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Your kidneys are vital organs that help detoxify your body by filtering and eliminating waste and producing urine.

Over 2 million Canadians suffer from kidney disease or kidney damage. The risk factors for kidney disease include; being of African descent, eating a diet high in red meat, smoking and obesity. There are also health conditions that may lead to chronic kidney disease including diabetes, and high blood pressure. Therefore, controlling the risk factors for these conditions can translate into healthier kidney function. March is Kidney Health Awareness month, so today we will be exploring foods and drinks to optimize the health of your kidneys.

Cranberry

Cranberries and cranberry juice are popular home remedies for preventing urinary tract infections and the formation of kidney stones. Cranberries acidify the urine and have been shown in some studies to prevent infection-causing bacteria such as E. Coli from adhering to the walls of the urinary tract. However, you don’t have to be prone to urinary tract infections or kidney stones to benefit from including this tangy fruit in your diet. Cranberries are rich in vitamin C and antioxidants that help protect your cells from damage. If you decide to choose dried cranberries, choose a product that is organic, free from sulphites and added sugar.

Cherries

Cherries are the sweeter tasting friend of cranberry, however for a fruit, they are still quite low in sugar. Tart cherry juice has been shown to help the body eliminate excess uric acid. The build-up of uric acid in your blood can lead to a type of arthritis known as gout and the regular consumption of cherries and cherry juice can help reduce inflammation in your blood vessels, protecting your kidneys and heart. You can easily add cherries to both sweet and savory dishes. If fresh cherries are not available, consider frozen.

Fish

If you are interested in preserving the health of your kidneys, your naturopathic doctor may recommend a reduction in the consumption of red meat and an increase in the consumption of fatty fish. Fish is high in protein and contains long chain, omega-3 fatty acids. These are the type of fats that are essential, which means we must obtain them from our diet. Omega-3 fats are anti-inflammatory as opposed to red meat which contains more pro-inflammatory fatty acids. Include two servings of fish such as wild salmon, sardine and herring in your diet on a weekly basis. The regular consumption of fish has been touted for protecting the body from heart disease, reducing cholesterol and decreasing the risk of some cancers.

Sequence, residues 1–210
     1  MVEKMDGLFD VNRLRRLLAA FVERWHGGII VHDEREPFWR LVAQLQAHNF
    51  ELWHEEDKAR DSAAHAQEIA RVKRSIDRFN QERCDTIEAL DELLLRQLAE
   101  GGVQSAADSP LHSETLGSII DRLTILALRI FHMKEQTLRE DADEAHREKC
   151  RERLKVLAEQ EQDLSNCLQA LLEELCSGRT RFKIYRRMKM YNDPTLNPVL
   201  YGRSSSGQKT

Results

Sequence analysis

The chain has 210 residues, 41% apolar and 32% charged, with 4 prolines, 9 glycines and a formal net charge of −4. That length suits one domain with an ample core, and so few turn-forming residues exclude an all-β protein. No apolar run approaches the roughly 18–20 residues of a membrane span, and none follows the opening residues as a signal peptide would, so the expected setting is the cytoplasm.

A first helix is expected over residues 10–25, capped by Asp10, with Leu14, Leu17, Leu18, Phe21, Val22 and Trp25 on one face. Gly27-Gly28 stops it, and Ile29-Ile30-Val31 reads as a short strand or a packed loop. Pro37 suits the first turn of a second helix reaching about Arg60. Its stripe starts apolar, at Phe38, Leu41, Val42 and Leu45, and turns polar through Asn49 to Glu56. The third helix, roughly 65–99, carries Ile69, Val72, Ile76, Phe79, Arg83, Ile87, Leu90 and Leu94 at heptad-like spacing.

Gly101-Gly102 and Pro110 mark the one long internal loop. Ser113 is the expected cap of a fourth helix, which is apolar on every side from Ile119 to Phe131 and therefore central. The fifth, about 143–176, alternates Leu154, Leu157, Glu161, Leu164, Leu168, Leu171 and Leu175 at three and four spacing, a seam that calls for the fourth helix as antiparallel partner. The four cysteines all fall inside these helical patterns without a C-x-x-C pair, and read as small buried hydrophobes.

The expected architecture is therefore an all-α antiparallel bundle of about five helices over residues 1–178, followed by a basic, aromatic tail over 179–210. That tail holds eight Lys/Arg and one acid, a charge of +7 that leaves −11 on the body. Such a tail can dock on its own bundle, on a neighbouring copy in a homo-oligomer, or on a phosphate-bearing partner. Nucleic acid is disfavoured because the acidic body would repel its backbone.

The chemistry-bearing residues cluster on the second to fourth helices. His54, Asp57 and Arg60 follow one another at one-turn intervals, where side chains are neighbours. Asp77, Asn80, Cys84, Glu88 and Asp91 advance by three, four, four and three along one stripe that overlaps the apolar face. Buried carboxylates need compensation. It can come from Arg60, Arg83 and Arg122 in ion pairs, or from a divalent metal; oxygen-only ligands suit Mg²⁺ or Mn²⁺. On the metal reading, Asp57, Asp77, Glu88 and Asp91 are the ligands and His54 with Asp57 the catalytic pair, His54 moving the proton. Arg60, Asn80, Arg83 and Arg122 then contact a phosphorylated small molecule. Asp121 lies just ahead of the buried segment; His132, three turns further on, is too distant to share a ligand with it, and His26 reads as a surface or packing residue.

Water

Water is the most important and essential nutrient for your kidneys. The reminder to drink more water is such a simple recommendation, however, it’s extremely important to remember that low water intake can be a big problem for kidney health. Water functions to remove waste and bacteria from your body. Without water, your kidneys can’t filter properly. Dehydration can increase your risk for kidney stones. Depending on your height, weight and activity level, you may require between 6 and 10 cups of water per day. However, on the other hand, be careful not to overdo the water intake. Drinking too much water within a short period of time can cause electrolytes such as sodium to fall below normal levels, leading to hyponatremia which can be fatal.

Foods to Avoid

Along with considering the foods and beverages that promote good kidney function and health, it’s important to consider the items you should avoid. Processed foods, foods high in saturated fat, refined sugar and red meat can irritate the kidneys. In one study from John Hopkins University, it was found that people who had unhealthy diet patterns, smoked and were obese, had more protein in their urine than people who avoided smoking, and ate a diet high in fresh fruit, vegetables and legumes. If you tend to eat out at fast food restaurants and choose packaged foods on a regular basis, it may be time to re-evaluate your nutritional regimen to include healthier choices.

Good kidney health begins with a healthy and balanced diet. Keep yourself hydrated and avoid eating processed foods on a regular basis. Maintaining a healthy weight and keeping your blood sugar and blood pressure under optimal control will help to reduce unnecessary strain on your kidneys.

Dr. Olivia Rose
About the Author

Dr. Olivia Rose graduated from the University of Guelph with a Bachelor of Science Honours degree in Nutritional and Nutraceutical Sciences and in 2006, she graduated from the Canadian College of Naturopathic Medicine.

In addition to her private practice, Dr. Rose is the director of Fertility Acupuncture Services, a mobile service that brings acupuncture to couples undergoing in vitro fertilization and intrauterine insemination at Toronto fertility clinics. Her special areas of interest include infertility; children and teen health; stress management; weight loss; heart disease; digestive and immune health; skin rejuvenation and pain management. She is a birth doula and has additional training in cosmetic acupuncture and needle-less therapies for skin rejuvenation and joint pain.

Dr. Rose is a sought-after lecturer for community organizations; a freelance writer and mentor to new graduates. She has been interviewed by various media outlets including Global Toronto’s, “The Morning Show”, “News at Noon” and “News Hour”. In her free time, she unplugs at the spa and she enjoys spending quality time with her husband, son and tea-cup Yorkie. For more information on Dr. Rose's practice and special events, please visit - www.oroseND.com